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uneasy relationship between costs budgeting and the pre-April 2013 test of proportionality is evidenced by the costs management process in The Construction Industry Vetting Information Group Litigation  EWHC 3543 (QB). Jon Lord
of Civil and Commercial Costs Lawyers Ltd discusses the implications of the case.
In this Group Litigation, Supperstone J, with the assistance of Master Leslie and Chief Master Gordon-Saker, was tasked with making a costs management order in relation to the common costs to be incurred. Four different firms of solicitors were
involved on behalf of the Claimants and six for the Defendants.
Proceedings were issued before 1 April 2013, meaning that the post-Jackson proportionality test – that costs reasonably and necessarily incurred may still be disallowed on the standard basis if they are disproportionate– will not apply to
any costs incurred and instead the ‘old’ test in Home Office v Lownds is applicable. The Lownds test means that if costs appear disproportionate they may still be allowed between parties if they were necessary and reasonable.
Supperstone J had little difficulty in concluding that costs on the Claimant side of £22m and costs on the Defendant side of £27m appeared disproportionate, notwithstanding this was complex litigation with a pleaded value of over £60m.
Having decided that, the Court went on to consider what costs were necessary and a reasonable figure for each phase
After making revisions in relation to each of the budgets, the Court proceeded to approve figures for each phase of the budgets where they had not already been agreed.
Save for issues over what had and had not been agreed, one might conclude that this was a regular costs management hearing. However, when one set of litigants or another wins and presumably is awarded costs on the standard basis, what will be the
status of the costs budgets as to the sums to be allowed at the detailed assessment?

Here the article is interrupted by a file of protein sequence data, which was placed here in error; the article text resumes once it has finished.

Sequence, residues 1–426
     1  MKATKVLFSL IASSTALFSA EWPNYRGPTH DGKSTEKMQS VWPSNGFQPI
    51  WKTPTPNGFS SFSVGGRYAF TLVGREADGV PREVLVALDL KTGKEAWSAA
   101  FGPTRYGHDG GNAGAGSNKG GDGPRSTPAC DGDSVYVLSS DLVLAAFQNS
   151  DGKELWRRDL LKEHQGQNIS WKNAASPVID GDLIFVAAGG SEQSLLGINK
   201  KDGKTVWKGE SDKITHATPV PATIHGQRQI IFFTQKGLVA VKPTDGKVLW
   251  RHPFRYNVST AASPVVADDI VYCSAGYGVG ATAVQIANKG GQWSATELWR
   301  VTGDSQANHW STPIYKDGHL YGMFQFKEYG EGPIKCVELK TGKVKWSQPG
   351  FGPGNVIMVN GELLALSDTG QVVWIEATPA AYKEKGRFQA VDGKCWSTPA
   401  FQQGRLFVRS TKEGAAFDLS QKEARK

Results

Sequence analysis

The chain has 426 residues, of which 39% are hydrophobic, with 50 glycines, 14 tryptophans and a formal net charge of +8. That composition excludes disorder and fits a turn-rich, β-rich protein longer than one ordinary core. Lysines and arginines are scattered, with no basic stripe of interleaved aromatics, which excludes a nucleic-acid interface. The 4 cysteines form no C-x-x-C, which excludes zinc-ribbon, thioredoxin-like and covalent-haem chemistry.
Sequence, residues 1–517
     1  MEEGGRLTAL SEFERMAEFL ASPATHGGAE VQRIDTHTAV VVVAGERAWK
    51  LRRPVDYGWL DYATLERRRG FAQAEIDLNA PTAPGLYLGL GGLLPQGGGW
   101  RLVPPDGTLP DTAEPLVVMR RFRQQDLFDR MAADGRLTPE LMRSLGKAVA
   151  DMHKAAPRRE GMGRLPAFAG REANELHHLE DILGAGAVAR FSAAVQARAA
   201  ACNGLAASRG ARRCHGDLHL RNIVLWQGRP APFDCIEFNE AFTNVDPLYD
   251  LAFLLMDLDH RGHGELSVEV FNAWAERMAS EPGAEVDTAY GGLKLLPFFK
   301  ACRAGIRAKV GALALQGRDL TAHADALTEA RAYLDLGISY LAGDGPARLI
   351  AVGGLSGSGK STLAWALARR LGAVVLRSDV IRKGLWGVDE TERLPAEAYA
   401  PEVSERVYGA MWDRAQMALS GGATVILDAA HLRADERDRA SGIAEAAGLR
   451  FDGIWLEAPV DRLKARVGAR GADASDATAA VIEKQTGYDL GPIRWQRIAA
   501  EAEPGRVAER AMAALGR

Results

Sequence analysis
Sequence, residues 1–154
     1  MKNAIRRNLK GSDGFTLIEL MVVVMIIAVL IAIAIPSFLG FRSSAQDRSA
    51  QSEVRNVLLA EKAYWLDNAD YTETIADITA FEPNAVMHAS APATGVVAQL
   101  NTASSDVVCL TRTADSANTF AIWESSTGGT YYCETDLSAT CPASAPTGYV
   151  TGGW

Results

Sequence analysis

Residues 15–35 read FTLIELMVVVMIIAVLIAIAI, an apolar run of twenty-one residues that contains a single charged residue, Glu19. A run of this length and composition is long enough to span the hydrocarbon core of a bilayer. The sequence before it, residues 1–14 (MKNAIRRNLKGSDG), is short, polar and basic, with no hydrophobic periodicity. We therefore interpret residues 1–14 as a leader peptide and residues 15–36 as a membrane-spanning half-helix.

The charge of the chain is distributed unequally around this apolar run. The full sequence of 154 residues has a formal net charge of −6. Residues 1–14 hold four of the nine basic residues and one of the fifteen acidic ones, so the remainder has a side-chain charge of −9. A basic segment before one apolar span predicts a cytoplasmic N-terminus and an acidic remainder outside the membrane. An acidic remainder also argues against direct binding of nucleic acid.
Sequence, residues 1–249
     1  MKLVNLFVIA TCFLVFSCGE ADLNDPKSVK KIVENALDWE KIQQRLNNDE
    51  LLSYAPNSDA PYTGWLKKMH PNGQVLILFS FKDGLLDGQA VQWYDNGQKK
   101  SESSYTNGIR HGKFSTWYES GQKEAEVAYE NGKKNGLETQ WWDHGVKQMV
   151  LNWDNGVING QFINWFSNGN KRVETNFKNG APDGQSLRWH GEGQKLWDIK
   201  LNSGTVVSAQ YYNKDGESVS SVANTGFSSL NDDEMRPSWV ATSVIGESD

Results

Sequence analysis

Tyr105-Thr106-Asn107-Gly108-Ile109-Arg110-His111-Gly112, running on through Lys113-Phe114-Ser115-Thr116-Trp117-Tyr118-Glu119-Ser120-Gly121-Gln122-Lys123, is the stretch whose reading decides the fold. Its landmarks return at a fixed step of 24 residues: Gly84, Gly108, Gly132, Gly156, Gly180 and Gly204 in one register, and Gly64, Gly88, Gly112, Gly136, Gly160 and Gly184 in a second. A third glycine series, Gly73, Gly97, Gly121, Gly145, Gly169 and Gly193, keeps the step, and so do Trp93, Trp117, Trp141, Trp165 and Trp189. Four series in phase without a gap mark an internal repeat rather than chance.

The parties are agreed that CPR 3, Section II applies. Rule 3.18 states:
“In any case where a costs management order has been made, when assessing costs on the standard basis, the court will –
(a) have regard to the receiving party’s last approved or agreed budget for each phase of the proceedings; and
(b) not depart from such approved or agreed budget unless satisfied that there is good reason to do so.
(Attention is drawn to rule 44.3(2)(a) and rule 44.3(5) which concern proportionality of costs)”
The post-April 2013 proportionality test sits well with costs management as a proportionate sum allowed for a phase at a costs management hearing will not be exceeded unless there is good reason to do so. The court will not always need to look at the
work actually done at a detailed assessment to reduce excess expenditure to the budgeted sum.
The same, however, cannot be said for the pre-April 2013 test. At a detailed assessment, in relation to claims for sums in excess of the budgeted figures and applying the Lownds test, the Costs Judge is bound to go through work done in a particular
phase and allow costs that were necessarily incurred and reasonable in amount. If the outcome of applying that test is that a greater sum than was considered proportionate at the costs management hearing is allowed then surely that is a good
reason to depart from the budget; to disallow those costs would be to fail to give effect to the applicable test.
If that is the case, CPR 3.18 is rendered toothless because a good reason to depart from the budget is relatively easily satisfied if all that needs to be done is to demonstrate that the work was necessary and reasonable, even though the total sum may
be considered to be disproportionate under the new test.
Lord Justice Jackson’s ideal of his reforms being implemented as a ‘package’ is significantly watered down and the costs management process is in danger of being rendered otiose by the application of the old test of proportionality.
In order to have proper effect, CPR 3.18 needs the new test of proportionality to work properly, hence the bracketed sentence at the end of the rule.
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